StartXFit—Nine Months of CrossFit® Intervention Enhance Cardiorespiratory Fitness and Well-Being in CrossFit Beginners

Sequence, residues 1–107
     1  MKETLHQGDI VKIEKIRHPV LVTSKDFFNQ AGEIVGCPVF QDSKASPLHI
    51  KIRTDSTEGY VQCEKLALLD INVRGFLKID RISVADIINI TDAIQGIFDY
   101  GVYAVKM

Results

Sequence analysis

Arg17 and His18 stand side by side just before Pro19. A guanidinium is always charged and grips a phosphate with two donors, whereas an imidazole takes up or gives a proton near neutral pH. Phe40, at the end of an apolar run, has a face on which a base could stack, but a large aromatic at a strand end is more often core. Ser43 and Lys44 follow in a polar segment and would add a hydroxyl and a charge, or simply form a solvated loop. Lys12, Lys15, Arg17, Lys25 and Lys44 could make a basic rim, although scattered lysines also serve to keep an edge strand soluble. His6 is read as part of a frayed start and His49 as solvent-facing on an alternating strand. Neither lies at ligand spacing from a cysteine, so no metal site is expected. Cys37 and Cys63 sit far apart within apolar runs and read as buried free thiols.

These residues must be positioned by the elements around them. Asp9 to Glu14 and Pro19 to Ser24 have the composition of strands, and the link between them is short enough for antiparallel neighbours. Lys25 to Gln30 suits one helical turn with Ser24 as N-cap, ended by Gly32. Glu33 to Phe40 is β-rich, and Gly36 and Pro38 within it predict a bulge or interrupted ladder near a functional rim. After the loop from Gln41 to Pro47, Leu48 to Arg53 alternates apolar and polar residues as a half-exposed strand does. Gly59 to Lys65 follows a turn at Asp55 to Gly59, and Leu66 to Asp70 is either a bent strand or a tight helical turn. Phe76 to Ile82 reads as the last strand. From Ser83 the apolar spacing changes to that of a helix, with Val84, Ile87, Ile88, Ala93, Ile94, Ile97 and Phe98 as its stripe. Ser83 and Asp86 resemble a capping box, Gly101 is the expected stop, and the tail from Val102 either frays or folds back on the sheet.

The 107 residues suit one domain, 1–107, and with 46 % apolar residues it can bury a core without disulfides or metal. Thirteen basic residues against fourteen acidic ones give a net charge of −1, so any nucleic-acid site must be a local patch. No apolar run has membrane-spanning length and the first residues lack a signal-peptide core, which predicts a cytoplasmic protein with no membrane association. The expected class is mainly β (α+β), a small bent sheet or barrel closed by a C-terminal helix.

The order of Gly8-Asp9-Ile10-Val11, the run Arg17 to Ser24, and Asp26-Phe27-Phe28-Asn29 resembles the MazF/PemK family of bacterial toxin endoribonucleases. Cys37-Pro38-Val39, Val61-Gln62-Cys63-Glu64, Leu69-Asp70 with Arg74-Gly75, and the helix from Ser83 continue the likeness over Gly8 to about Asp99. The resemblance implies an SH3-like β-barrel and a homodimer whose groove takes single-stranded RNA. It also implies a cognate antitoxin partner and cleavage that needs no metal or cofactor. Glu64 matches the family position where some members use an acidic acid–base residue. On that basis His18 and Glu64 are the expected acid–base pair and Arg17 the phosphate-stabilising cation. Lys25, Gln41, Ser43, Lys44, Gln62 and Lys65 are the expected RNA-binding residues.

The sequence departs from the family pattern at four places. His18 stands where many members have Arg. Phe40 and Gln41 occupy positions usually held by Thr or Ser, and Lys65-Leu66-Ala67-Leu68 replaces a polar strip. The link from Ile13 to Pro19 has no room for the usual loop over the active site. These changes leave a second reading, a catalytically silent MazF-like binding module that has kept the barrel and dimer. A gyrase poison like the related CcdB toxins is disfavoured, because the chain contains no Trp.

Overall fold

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Insufficient physical activity (PA) is associated with low cardiorespiratory fitness, which favors cardiovascular and other noncommunicable diseases. Additionally, it evidentially affects mental health. Considering the WHO PA guidelines, CrossFit® represents a versatile exercise program that combines aerobic and resistance training with mobility and could help reduce disease incidences among sedentary people. Yet, long-term CrossFit research is sparse. We conducted a nine-month intervention (≥ 2 CrossFit workouts/week) in 16 beginners (14 males, 35 ± 6.8 years, 180 ± 8.6 cm, 85. 5 ± 19.1 kg). As a primary endpoint, VO2max was assessed at baseline, four, and nine months. A repeated-measures ANOVA and Pearson correlation were conducted. Well-being was investigated by the WHO-5 Index pre- and post-intervention. For exploratory purposes, body composition and heart rate recovery (HRR) were tracked. In a second step, all males were categorized into two groups based on body fat percentage and analyzed by repeated measures ANOVA again. The main outcome was an 11.5% VO2max improvement with a large effect (p < 0.01, η p2 = 0.27). Strong negative correlations between baseline VO2max and its progression after nine months (p = 0.006, r = − 0.654) were found. Well-being increased by 8.7% (p = 0.024, d = 0.51). HRR improved both at 1 min (p < 0.05, η p2 = 0.34) and at 5 min (p < 0.05, η p2 = 0.27) post-exercise. Resting metabolic rate increased by 2.2% (p = 0.042). Analysis by group revealed improved HRR at 1 min (p < 0.05, η p2 = 0.62) only for the “ high body fat” group. This study reveals the potential of CrossFit to enhance physiological and psychological health in beginners. For more robust results, larger sample sizes with a higher proportion of women are needed.